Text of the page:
Having discovered that a good deal of expensive office space may actually be unnecessary, many businesses are are rethinking how they use their office space. The prime example, here in Ottawa, is Shopify, who sublet thousands of square feet of office space! There is no question that in-person work has significant benefits. But there is also the reality that highly skilled administrative help is available either full time or part-time remotely. Many admins prefer to work from home to be with their children. As a result, many real estate brokerages' office spaces can or should be shrinking. Less expensive collaborative spaces may become the norm such as Staples Studio or other co-working spaces.
Coined by Anthony Klotz, a Texas A&M University professor during a Bloomberg Businessweek interview, the phrase “The Great Resignation” refers to the pent-up dissatisfaction many employees have endured through the pandemic as they have stayed with current jobs rather than look for more appealing opportunities. Now that things are opening up again, it’s projected that we will see a significant wave of resignations and corporate reshuffling. This is echoed by The Wall Street Journal, which stated in a June 13, 2021 article that the number of employees quitting their jobs is at a two-decade high. Rather than return to the office, many employees are looking for better-paying opportunities more in line with their skill set and values. Some are leaving the corporate world altogether as COVID-19 has reshaped their priorities and desires.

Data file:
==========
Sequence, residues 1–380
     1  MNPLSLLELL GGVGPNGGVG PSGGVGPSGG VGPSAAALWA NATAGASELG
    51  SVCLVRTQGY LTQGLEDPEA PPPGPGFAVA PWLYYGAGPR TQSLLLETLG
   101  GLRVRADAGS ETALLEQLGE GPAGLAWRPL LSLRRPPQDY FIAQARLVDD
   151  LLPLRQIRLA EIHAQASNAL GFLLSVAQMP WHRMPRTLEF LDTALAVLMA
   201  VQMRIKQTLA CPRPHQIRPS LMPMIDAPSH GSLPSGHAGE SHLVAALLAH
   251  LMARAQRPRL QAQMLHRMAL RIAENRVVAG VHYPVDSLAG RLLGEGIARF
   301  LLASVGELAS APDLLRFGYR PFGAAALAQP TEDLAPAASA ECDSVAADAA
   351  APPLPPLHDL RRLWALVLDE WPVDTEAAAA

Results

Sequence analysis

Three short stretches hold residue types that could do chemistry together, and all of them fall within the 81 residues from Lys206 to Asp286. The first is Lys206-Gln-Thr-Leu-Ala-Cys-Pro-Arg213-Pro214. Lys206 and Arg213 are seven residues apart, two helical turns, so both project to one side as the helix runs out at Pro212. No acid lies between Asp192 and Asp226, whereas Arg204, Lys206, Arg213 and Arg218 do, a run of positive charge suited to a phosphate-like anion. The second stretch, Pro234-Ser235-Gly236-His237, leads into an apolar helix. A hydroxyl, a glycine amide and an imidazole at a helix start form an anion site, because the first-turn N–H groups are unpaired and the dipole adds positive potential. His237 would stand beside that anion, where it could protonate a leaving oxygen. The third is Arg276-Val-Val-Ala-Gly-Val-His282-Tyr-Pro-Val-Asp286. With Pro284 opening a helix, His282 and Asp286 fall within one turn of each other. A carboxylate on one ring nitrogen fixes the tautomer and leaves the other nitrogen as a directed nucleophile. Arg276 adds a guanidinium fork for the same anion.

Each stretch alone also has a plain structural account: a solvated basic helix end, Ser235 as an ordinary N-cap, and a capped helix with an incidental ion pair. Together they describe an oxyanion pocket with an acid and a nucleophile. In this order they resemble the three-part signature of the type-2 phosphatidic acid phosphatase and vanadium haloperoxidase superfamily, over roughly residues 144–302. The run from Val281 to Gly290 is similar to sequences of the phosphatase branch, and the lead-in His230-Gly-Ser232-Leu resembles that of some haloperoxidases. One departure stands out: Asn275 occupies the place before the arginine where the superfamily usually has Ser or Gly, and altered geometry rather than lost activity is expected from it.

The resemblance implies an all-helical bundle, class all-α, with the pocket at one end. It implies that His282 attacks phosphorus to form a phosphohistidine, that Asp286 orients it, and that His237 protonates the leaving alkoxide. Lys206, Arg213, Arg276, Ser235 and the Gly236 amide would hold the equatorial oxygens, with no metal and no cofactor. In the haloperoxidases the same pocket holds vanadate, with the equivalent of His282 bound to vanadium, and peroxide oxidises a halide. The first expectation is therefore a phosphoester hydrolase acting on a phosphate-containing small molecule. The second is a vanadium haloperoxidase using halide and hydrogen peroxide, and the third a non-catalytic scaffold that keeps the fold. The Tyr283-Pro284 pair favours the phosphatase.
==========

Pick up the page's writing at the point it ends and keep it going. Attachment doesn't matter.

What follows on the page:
This is also happening in real estate as agents are looking around to find better deals elsewhere. At the point in time where companies (and real estate offices) were hoping to capitalize on the new freedoms and relaunch in earnest, they are forced to deal with waves of resignations, setting them back on their heels.